Is getting healthy one of your New Year’s resolutions?
We’ve got two words for you: water workouts. Like us, Dr. Jane Katz is passionate about the water. In fact, she’s been preaching the good word about aquatics for more than 40 years now. Her mission is simple: “to make fitness fun for the fearless and the fearful.”
As an internationally recognized swimmer, longtime instructor and our resident expert, she’s seen the benefits of water exercise first hand: It helps clear your mind and strengthen and tone your muscles — and it’s fun to boot!
Want to try an aquatics class and see what the fuss is all about? We rounded up a series of tips from Dr. Katz on everything from prepping for your first class to getting the most out of your time in the water. Read on and get inspired!
Getting Started: Things to Keep in Mind Before You Begin Water Aerobics
1. Get the Green Light
Check with your healthcare professional prior to beginning your aquatic fitness or any exercise program.
2. Be Good to Yourself
Goals take time to achieve. When making a change in your swim stroke or your aquatic fitness routine, don’t be hard on yourself. You’ll get there! E.g., reshaping, losing a few pounds and, better yet, having fun!
3. Bring a Buddy
Exercise with friends and support one another. Encouragement will always help you reach your goal.
4. Fulfill Your Basic Needs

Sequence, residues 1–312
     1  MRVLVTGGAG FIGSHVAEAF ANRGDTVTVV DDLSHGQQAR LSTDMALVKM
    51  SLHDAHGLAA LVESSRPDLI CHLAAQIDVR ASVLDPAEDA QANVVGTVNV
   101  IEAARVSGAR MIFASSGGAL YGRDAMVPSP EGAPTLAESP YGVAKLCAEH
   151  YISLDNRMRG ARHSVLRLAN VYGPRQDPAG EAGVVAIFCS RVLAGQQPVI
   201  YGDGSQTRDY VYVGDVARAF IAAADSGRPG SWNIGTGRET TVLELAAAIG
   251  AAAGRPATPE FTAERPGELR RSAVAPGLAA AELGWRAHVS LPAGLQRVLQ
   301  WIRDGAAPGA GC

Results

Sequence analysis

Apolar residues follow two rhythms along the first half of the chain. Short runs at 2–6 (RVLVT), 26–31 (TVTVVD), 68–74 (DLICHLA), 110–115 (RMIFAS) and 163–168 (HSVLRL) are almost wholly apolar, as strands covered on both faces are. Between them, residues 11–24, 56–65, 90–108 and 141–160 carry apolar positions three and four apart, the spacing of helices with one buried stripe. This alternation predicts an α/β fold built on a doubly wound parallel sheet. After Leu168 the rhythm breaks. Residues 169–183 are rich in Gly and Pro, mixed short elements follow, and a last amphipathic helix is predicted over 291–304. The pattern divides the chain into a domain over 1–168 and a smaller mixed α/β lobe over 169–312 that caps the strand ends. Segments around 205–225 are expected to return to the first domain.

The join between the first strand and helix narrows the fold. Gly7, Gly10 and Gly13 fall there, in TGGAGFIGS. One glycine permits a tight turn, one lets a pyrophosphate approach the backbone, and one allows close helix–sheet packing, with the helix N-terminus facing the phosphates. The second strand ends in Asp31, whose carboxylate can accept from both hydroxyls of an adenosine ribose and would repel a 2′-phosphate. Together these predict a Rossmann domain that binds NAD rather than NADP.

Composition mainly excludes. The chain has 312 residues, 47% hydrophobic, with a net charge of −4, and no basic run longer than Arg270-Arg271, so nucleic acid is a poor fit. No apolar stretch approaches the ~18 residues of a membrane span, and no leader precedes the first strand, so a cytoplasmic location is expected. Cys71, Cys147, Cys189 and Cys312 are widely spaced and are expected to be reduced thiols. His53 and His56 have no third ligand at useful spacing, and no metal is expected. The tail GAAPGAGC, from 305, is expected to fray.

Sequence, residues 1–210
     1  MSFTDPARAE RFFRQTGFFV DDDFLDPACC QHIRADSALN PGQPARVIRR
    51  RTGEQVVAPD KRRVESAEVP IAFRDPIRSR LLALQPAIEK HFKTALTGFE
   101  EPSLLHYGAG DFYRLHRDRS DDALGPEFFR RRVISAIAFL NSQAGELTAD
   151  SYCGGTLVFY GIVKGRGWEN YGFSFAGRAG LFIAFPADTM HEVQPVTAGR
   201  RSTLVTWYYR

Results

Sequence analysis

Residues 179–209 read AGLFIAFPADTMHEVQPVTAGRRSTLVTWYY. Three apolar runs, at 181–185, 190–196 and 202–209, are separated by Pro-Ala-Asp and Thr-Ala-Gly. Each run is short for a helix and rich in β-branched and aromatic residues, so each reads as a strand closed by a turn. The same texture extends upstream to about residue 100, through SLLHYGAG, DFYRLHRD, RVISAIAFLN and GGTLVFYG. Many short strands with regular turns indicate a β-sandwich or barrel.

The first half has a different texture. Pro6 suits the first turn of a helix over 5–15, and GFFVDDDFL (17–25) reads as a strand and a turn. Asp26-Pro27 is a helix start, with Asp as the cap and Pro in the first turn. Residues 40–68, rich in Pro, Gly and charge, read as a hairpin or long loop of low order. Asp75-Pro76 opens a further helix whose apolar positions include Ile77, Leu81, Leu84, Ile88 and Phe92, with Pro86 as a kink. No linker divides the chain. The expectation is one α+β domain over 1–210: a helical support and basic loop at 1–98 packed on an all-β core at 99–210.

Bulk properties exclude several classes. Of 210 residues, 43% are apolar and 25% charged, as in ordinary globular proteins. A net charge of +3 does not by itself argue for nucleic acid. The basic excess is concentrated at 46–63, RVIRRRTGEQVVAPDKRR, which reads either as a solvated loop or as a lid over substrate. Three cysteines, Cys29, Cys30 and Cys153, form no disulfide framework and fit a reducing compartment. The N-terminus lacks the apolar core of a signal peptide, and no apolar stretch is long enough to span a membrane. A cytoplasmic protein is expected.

ADL (Activities of Daily Living) can often be replicated in the water as prescriptive exercises.
5. Set Your Sights
Visualize how you will look in your Aquabelle chlorine resistant swimsuit!
6. Get W.E.T.!
Use Water Exercise Techniques (W.E.T.s) for aquatic exercise, swim conditioning as well as therapeutic fitness.
7. Warm Up
Use Sweat to W.E.T.s. This is a program that translates land-based exercises to water immersion exercises. What would be difficult on land becomes comfortable in water, with its gentle and supportive resistance.
8. Stay Hydrated
Drink water before, during and after your water fitness workout.
The Scientific Principles of Water:
Archimedes plus Bernoulli plus Newton equals Comfort (in the water)
1. Meet Archimedes, Your Swim Companion
Your apparent body weight in chin-deep water is 10% of your body weight on land. That’s a big plus. You can move in the water without the stress on your joints, and your muscles get the resistance training they need. (Archimedes of Syracuse was an ancient mathematician, physicist, engineer, and inventor.)
2. Bernoulli’s Principles
Allows you to streamline your swimming by lifting you higher in the water, and so creating less drag. (Bernoulli’s Principle: an increase in the speed of a fluid produces a decrease in pressure and a decrease in the speed produces an increase in pressure.)
3. Newton’s Third Law of Motion
Remember this? For every action, there is an opposite and equal reaction. For aquatics, this means that if you want to go up, you push water down; if you want to go forward, you push water behind you.
4. Swim & Get F.I.T.
The training effect comes by Frequency, Intensity, and Time. This equals FIT.
Anatomy of an Aquatic Workout: 30-45 Minute Set (Warm-up, Main Set, Cool-down)
For a swimming workout, the Main Set is the meat and potatoes of your workout—20 to 30 minutes. This is the part of the workout where you do the longest distance, challenging your cardiovascular system (heart and lungs), working aerobically (utilization of oxygen). Coordinating the breathing with the rhythm of your arms and legs is the key for efficient swimming.
1. Warm Up: getting your body geared up for five minutes by water walking, head turns, shoulder rolls, and overhead extension.